relationship with the client; and (12) awards in similar cases.
Arbor Hill, 522 F.3d at 186 n.3 (citing Johnson, 488 F.2d at 717-19).

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The requested rates for associates, however, require adjustment. Data provided by
Defendants suggests that the average hourly rate for an associate in New York is $531.21, see
Max Dec. ii 39, a figure slightly higher than suggested by recent cases from this district. See
Mahan v. Roe Nation, LLC, No. 14-CV-5075 (LGS), 2015 WL 4388885, at *1, *3 (S.D.N.Y.
July 17, 2015) (approving associate rates between $460 and $565); see also Regulatory
Fundamentals Grp. LLC, 2014 WL 4792082, at *3 (approving associate rates between $325 and
$390). Given these figures, the $560 rate requested for Alter, a senior associate who has been
with the firm since 2005, is reasonable. See BB Br. at 13 n.7. However, rates requested for the
other, more junior, associates are too high. Shenderovich and Baker began working on the case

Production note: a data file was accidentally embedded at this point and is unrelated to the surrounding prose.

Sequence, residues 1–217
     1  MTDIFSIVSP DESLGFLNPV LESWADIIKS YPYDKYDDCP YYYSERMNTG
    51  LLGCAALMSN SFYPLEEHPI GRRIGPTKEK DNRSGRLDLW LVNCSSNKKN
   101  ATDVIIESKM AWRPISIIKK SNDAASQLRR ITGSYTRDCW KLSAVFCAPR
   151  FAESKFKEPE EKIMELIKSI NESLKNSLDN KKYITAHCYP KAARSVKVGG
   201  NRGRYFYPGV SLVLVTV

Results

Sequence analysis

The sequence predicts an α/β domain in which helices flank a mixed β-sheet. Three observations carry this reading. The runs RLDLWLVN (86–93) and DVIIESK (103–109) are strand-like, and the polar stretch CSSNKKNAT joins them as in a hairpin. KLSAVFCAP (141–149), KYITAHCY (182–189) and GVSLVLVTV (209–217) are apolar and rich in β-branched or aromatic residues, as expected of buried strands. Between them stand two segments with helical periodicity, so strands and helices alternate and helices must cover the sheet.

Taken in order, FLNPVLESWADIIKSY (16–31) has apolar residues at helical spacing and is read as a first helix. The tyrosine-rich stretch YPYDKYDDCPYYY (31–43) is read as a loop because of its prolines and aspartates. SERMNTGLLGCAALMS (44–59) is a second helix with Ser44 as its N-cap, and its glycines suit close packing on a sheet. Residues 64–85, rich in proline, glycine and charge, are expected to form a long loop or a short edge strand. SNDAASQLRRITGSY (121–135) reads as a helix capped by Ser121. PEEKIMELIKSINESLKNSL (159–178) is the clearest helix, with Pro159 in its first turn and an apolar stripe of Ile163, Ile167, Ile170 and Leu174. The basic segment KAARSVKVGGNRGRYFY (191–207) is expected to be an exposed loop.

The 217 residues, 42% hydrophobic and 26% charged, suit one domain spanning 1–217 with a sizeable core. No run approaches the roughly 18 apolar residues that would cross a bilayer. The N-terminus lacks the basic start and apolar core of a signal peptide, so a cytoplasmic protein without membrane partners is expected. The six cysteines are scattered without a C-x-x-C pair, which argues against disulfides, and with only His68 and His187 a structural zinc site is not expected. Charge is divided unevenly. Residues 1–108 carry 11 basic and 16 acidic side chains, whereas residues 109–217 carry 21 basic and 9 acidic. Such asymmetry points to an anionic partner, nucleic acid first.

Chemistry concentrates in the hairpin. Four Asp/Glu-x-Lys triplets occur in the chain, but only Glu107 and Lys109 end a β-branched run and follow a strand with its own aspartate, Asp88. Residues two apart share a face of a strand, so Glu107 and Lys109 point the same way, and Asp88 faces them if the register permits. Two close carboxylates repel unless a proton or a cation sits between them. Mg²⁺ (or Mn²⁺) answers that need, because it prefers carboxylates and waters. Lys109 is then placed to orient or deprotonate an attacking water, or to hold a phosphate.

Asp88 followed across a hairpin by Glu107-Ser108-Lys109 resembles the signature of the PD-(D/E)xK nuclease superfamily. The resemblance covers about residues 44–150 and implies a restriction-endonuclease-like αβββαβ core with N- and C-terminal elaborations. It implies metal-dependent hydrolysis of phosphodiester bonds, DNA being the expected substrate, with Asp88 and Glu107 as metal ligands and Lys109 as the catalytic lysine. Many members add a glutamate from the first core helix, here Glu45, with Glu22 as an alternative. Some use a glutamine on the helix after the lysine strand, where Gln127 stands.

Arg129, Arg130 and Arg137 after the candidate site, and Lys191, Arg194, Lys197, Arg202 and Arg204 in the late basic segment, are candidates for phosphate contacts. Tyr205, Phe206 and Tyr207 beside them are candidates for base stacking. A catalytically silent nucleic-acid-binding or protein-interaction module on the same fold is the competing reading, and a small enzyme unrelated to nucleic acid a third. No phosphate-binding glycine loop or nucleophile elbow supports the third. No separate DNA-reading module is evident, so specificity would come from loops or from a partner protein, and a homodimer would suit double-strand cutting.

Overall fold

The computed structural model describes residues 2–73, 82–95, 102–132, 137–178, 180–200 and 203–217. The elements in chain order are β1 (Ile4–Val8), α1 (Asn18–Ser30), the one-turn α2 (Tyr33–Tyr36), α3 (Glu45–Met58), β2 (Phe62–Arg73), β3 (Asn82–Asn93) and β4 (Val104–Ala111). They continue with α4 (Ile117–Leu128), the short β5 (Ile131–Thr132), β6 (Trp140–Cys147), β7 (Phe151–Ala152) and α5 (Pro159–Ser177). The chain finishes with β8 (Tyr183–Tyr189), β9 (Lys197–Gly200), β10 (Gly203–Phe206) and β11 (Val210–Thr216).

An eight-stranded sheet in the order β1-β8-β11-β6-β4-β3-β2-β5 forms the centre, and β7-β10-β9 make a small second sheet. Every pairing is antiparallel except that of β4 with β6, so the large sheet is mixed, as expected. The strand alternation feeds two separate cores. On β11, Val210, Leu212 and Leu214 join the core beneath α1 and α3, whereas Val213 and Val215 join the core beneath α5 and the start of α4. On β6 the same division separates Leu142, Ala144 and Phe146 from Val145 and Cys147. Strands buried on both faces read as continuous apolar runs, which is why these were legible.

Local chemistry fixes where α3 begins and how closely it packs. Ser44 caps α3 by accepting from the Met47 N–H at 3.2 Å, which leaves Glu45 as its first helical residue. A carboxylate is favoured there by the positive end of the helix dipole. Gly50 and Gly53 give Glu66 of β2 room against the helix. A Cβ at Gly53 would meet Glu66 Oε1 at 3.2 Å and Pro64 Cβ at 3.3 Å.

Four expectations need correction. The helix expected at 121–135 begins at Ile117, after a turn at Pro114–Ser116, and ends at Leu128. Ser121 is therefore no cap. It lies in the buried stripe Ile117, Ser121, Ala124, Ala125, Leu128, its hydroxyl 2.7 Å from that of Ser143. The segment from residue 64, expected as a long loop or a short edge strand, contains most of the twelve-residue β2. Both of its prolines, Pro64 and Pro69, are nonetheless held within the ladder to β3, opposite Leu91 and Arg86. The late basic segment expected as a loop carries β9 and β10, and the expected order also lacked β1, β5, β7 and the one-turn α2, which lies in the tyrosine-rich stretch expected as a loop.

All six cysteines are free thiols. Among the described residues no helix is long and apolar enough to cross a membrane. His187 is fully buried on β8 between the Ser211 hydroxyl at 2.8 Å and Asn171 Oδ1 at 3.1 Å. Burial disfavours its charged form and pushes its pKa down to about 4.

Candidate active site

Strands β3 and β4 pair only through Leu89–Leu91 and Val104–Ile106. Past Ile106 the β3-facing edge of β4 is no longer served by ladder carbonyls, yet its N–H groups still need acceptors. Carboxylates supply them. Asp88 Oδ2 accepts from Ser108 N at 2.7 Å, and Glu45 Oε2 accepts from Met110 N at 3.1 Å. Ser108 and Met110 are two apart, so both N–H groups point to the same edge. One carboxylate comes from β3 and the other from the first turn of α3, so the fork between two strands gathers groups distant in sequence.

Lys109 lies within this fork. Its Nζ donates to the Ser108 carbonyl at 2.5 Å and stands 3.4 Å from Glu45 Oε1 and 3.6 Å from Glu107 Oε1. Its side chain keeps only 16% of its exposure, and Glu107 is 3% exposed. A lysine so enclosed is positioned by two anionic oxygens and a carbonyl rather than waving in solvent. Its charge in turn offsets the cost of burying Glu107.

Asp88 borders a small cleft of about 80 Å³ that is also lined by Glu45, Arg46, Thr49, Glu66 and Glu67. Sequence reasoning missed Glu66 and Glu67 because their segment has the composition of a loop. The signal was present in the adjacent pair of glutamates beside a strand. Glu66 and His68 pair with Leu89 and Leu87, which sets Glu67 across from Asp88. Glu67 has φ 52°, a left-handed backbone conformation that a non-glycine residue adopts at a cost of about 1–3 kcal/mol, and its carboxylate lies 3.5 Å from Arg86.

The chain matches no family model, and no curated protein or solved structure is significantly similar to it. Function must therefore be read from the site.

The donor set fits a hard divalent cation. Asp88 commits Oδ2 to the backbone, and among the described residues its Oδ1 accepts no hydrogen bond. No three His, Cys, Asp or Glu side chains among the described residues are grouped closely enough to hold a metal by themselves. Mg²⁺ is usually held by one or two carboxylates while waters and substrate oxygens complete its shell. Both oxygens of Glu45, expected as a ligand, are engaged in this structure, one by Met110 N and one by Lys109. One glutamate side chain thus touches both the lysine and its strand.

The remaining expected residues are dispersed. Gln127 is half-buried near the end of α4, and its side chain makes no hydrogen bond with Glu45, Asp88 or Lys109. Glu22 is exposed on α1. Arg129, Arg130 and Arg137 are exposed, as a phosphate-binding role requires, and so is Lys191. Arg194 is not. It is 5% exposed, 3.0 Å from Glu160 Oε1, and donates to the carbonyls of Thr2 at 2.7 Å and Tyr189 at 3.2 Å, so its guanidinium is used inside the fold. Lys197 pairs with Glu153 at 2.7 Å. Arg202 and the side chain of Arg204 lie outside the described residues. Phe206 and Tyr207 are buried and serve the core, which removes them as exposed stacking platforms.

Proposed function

just over a year after their graduation from law school, while Monahan had one additional year
of experience. See BB Br. at 12, 13 & n.7; Max. Deel. Ex. V-1 at 7, 12, 58. Based on rate data
presented by Defendants, rates recently approved by courts in this district, and the different
levels of experience of the junior associates, the Court will approve rates of $3 7 5 for
Shenderovich and Baker, and $425 for Monahan.
Similarly, the requested support staff rates require adjustment. The Beastie Boys
Defendants provide little information on the prevailing rates for support staff; their supporting
declaration merely indicates that the requested rates are "equivalent or comparable to the
prevailing rates charged for the time of similarly experienced" staff in other New York law
firms. Max Dec. iii! 34-36. Recent cases in this district suggest that the prevailing rate for